Supporting efforts to protect the forests of the Congo Basin

Project description

Title: Support for the Congo Basin Forest Partnership
Commissioned by: Federal Ministry for Economic Cooperation and Development (BMZ)
Countries: Burundi, Cameroon, Central African Republic, Chad, Democratic Republic of Congo, Gabon, Equatorial Guinea, Republic of Congo, Rwanda, São Tomé and Príncipe
Lead executing agency: Commission des Forêts d'Afrique Centrale (COMIFAC), Commission of Central African Forests
Overall term: 2020 to 2022



Central Africa is home to the second-largest contiguous expanse of tropical forest in the world. Its conservation is of the utmost importance for the global climate and for biodiversity. More than half of this forest is located in the Democratic Republic of Congo.

The forests of the Congo Basin cover a total of 240 million hectares. They store some 25 per cent of all the carbon stored in the world’s tropical forests. However, the surface area and storage capacity of the forests are diminishing because of population growth and the need for land and firewood. To cater to these needs, and also to generate income for the population, forests are being converted for other uses, such as agriculture. Soil fertility is increasingly declining as a result, which in turn is adversely affecting ecosystems.

This is why the Congo Basin Forest Partnership (CBFP) was created at the World Summit on Sustainable Development in Johannesburg in 2002. This Partnership is contributing to regional forest conservation via a large and diverse membership. Besides the ten riparian states with extensive forests, the members also include donor countries, international and civil society organisations, universities, research institutions and the private sector. In January 2020, the German Federal Ministry for Economic Cooperation and Development (BMZ) took over facilitation of the Partnership.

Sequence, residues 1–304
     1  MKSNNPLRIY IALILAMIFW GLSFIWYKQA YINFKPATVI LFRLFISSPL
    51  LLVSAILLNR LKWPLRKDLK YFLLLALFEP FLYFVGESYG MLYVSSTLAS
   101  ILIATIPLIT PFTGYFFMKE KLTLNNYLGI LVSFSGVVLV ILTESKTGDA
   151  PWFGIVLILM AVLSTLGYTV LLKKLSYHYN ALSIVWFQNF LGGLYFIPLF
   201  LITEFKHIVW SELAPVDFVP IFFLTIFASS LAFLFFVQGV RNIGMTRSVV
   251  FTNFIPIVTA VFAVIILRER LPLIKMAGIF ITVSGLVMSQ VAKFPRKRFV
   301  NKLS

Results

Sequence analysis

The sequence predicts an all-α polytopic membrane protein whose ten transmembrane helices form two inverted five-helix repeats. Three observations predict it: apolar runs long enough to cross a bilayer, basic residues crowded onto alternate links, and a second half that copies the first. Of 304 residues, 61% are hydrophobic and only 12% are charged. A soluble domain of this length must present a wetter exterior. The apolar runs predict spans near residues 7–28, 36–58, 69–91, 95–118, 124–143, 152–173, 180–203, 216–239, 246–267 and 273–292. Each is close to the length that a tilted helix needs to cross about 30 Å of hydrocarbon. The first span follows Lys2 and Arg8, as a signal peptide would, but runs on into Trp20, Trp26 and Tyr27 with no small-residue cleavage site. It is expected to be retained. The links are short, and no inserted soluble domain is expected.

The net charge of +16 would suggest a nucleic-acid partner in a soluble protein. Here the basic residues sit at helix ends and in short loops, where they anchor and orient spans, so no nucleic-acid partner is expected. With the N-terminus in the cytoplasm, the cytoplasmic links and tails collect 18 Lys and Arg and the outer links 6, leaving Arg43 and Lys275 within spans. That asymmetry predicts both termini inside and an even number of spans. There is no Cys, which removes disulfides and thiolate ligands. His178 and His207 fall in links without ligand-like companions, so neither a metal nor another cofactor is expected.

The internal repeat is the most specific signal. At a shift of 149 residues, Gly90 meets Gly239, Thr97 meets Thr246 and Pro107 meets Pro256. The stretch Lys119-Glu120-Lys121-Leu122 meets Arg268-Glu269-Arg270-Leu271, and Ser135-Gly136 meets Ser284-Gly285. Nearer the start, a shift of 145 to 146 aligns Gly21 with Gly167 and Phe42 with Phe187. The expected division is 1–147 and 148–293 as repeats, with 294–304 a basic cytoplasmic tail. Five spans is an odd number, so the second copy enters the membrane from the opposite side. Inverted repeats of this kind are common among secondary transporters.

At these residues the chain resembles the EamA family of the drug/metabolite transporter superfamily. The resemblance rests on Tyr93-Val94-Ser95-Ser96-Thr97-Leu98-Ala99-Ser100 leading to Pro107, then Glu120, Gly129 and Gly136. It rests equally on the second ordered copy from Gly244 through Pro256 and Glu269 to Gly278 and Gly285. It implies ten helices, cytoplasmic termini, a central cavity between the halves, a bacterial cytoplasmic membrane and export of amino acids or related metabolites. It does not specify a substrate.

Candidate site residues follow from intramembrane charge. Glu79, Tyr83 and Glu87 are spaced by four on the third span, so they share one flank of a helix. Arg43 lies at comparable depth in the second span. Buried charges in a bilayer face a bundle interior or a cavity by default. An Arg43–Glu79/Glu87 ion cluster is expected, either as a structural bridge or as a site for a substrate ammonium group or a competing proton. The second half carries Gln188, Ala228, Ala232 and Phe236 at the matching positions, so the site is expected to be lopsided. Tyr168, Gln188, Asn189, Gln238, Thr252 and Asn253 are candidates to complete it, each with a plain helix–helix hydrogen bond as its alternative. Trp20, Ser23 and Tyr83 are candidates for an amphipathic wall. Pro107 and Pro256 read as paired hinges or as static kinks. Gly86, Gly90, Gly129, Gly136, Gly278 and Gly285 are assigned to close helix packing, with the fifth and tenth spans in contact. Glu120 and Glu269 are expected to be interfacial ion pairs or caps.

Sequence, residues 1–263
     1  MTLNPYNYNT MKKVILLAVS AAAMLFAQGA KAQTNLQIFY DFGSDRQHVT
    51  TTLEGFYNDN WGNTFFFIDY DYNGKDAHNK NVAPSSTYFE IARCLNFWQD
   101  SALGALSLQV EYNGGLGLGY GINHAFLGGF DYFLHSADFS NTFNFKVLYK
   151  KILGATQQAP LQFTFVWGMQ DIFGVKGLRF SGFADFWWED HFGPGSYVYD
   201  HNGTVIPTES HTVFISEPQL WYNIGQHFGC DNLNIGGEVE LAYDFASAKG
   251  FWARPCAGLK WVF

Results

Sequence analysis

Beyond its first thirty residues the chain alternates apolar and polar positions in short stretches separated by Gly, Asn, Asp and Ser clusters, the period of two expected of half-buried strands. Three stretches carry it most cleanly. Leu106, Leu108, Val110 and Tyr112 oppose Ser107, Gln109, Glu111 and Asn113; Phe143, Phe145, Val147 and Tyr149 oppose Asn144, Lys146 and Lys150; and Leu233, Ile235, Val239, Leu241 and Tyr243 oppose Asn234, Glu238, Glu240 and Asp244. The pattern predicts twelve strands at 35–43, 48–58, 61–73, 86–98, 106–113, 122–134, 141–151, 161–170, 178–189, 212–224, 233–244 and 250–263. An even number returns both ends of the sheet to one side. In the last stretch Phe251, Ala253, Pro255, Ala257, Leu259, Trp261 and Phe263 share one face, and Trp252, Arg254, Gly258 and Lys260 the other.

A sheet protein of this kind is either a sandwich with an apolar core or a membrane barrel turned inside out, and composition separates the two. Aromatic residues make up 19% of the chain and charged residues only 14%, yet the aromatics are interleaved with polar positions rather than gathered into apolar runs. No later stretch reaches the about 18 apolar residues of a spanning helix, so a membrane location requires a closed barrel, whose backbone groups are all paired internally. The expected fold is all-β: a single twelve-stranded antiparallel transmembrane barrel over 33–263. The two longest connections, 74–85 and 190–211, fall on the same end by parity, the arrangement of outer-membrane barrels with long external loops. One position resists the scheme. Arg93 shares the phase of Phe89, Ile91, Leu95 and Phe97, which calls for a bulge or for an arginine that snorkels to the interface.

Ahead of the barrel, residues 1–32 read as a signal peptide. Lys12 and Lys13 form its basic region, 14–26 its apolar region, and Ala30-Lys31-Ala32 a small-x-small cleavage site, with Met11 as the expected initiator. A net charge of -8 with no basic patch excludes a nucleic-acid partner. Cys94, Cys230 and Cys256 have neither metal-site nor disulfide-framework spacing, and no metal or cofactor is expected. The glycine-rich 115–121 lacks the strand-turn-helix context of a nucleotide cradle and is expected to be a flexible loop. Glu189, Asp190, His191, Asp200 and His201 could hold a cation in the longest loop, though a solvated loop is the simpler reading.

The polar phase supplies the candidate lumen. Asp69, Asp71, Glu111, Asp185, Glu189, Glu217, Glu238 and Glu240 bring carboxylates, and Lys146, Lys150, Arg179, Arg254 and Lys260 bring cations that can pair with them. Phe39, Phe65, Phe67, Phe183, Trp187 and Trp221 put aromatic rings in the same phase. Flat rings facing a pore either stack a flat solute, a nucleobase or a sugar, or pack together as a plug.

The Partnership contributes to the international visibility of the Congo Basin. Thanks to the CBFP, the second-largest ‘green lung’ of our planet is gaining a stronger voice. The Partnership is coordinating and intensifying efforts for the protection and sustainable use of the forests. Natural resource management is improving as a result and raising living standards in the Congo Basin. The member states are harmonising their environmental and forest policies and improving the management of transboundary protected areas.



The project ensures the functioning of the CBFP and raises international awareness of this important natural area. This is achieved by maintaining the Partnership’s wide network, preparing political agreements, introducing new topics and organising summit meetings.

The roadmap of Germany’s CBFP facilitation includes the following key topics:

  1. Implementing the N'Djamena Declaration with a view to overcoming the growing environmental, security and social challenges arising from increased pastoralism in the Sahel and Central Africa.
  2. Developing a common position among CBFP members in the negotiations on the Rio Conventions.
  3. Stepping up the dialogue with Chinese partners: China is one of the principal markets for Central African wood, accounting for 60 per cent of exports. This is why joint solutions are necessary to protect the forests.
  4. Dynamising the internal organisational and coordination capacity and continuation of work priorities of previous chair states.

The project coordinates essential activities jointly undertaken by the stakeholders and improves the CBFP’s networking, communications and PR work. It also holds annual member conferences and thematic events. These provide an opportunity for exchanging information, introducing new approaches and coordinating activities. The members are also always active in various working groups.

Currently, the project is helping to organise the BMZ Tropical Forest Symposium scheduled for July 2021. It is also working more closely with the Central African Forest Initiative (CAFI).


The annual CBFP Council meeting was held in Kinshasa in December 2020. Members worked on adopting a common position for important international conferences – such as the United Nations Climate Change Conference and the Convention on Biological Diversity. Civil society organisations also took part and coordinated activities at regional level.

Last update: April 2021


Additional information